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Minhaz Merchant

Minhaz Merchant is the biographer of Rajiv Gandhi and Aditya Birla and author of The New Clash of Civilizations (Rupa, 2014). He is founder of Sterling Newspapers Pvt. Ltd. which was acquired by the Indian Express group

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Reforming India’s Healthcare System

The problems in government hospitals are of a different dimension entirely... sanitary conditions and infrastructure

Photo Credit : Shutterstock,

Healthcare is India’s most distressed sector. In cities, private hospitals over-charge patients at will. In villages, healthcare facilities are rudimentary. In towns, government hospitals provide appalling patient care: unsanitary operating theatres (OTs), poorly trained staff and crumbling infrastructure.  
 
Corruption is rife. The deaths of dozens of children from encephalitis in Gorakhpur and other towns in Uttar Pradesh is just one indication of the urgent need for healthcare reform in India. There are several others, cutting across the urban-rural divide.

The government has started tackling one end of the problem: exorbitant prices of medical equipment and essential drugs. The total value of medical devices used in Indian hospitals is $4.9 billion (Rs 31,600 crore). Most are manufactured by multinational companies. The margins are huge. Take the example of cardiac stents. The cost of drug-eluting and bio-degradable stents has now been capped at Rs 29,600. Till the National Pharmaceutical Pricing Authority (NPPA) stepped in, patients were charged up to Rs 1,50,000 per stent. Mark-ups occur at every stage: wholesale distributors, retail stockists and (steepest of all) hospitals.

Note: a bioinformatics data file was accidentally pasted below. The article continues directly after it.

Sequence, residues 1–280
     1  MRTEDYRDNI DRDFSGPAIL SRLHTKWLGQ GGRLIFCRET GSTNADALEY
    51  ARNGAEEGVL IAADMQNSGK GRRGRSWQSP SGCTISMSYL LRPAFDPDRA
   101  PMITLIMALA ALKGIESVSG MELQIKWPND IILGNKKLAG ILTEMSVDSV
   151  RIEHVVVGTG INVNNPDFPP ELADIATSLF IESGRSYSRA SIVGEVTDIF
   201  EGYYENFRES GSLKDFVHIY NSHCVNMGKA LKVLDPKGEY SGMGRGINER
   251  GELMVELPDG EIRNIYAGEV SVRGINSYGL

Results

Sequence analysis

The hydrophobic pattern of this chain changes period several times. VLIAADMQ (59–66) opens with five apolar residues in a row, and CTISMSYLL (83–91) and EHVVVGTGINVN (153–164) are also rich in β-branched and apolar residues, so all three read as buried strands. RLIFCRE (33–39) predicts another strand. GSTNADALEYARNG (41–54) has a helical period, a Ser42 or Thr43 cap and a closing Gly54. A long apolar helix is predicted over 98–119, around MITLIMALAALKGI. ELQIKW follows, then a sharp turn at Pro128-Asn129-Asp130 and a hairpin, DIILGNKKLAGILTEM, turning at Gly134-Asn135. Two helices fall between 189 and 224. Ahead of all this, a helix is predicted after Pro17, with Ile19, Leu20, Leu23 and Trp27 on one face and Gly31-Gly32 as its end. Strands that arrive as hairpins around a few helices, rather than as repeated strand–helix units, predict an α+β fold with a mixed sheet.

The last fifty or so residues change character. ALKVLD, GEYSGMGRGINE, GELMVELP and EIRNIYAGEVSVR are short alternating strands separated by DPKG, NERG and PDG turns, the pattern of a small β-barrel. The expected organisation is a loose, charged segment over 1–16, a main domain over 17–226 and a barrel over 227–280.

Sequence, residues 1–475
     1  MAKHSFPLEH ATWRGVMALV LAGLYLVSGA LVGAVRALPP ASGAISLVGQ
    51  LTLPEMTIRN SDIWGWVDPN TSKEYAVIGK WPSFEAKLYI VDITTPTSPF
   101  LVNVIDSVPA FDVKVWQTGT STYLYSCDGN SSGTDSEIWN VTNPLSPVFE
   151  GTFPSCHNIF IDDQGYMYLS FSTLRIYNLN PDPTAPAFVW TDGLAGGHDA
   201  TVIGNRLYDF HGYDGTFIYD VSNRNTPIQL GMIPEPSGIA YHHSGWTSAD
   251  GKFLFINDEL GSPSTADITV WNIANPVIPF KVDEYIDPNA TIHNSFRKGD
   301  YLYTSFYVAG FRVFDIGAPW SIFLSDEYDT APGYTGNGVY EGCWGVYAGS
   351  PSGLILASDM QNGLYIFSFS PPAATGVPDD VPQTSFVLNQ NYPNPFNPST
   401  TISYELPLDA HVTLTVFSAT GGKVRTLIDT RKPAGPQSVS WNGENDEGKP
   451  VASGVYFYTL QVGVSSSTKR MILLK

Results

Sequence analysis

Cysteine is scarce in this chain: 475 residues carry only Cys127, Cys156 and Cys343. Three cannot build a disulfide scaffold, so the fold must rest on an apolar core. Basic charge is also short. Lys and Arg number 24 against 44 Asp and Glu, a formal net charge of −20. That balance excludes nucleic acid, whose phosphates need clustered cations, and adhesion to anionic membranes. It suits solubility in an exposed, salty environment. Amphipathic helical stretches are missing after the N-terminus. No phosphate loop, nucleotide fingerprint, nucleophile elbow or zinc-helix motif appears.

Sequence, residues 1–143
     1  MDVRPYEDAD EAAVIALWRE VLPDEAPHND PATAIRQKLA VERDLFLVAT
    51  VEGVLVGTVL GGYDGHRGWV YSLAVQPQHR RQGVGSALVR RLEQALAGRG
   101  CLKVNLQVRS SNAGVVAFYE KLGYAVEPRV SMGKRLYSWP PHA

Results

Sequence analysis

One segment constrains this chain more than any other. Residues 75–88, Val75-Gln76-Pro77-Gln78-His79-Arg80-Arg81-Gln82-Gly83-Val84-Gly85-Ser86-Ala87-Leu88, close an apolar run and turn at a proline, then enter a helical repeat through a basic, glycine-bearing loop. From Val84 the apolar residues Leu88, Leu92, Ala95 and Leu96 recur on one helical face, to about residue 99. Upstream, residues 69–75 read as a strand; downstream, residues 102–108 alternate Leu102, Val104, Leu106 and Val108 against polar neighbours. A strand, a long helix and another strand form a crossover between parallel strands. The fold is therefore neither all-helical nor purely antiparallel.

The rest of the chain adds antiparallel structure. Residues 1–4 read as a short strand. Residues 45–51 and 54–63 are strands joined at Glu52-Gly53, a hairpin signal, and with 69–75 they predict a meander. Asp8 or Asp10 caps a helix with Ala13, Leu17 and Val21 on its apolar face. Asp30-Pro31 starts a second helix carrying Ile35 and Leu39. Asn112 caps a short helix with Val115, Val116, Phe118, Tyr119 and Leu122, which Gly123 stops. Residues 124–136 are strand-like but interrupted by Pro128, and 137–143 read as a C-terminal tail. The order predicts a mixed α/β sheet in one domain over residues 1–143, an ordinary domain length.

Despite the caps, private hospitals will always find a way to protect their profits. Specialist doctors make the rounds of patients in hospital rooms every morning. Two minutes of a cursory examination (and often not even that) leads to a bill of several thousand rupees in some upscale private Mumbai and Delhi hospitals. Doctors and hospitals have a pre-set sharing formula for the “visiting” fee. To counter price caps on medical equipment and essential branded drugs, private hospitals are also charging more for laboratory tests (many wholly unnecessary), operating theatre fees and surgery. There’s little a patient, vulnerable as he or she is, can do about it.

The problems in government hospitals are of a different dimension entirely. Treatment is inexpensive and essential drugs are subsidised but sanitary conditions and infrastructure remain appalling. To prevent more tragedies like those that are endemic in Gorakhpur, the government must increase investment in public healthcare. India’s total annual budget on healthcare is barely 2.5 per cent of GDP.

In contrast in Britain, for example, the budget of the National Health Service (NHS) is ringfenced from cuts. At £150 billion (Rs 13 lakh crore) it is eight per cent of Britain’s GDP. In the United States though, the Affordable Care Act (popularly known as Obamacare), despite its large budgetary allocation, is falling apart at the seams, placing millions of poor Americans (mostly blacks and Hispanics) in dire straits without access to affordable medical insurance.

A new pharmaceutical policy is meanwhile under planning in India. The idea is to make essential drugs affordable in a country where purchasing power is low. A draft of the policy reads thus: “The issue of unreasonable trade margins and bonus offers by various stockists, distributors and retailers has been adversely affecting both the industry as well as consumer interest. After detailed stakeholder consultations, the level of trade margins will be prescribed to create a level playing field for the industry and to bring down the prices.”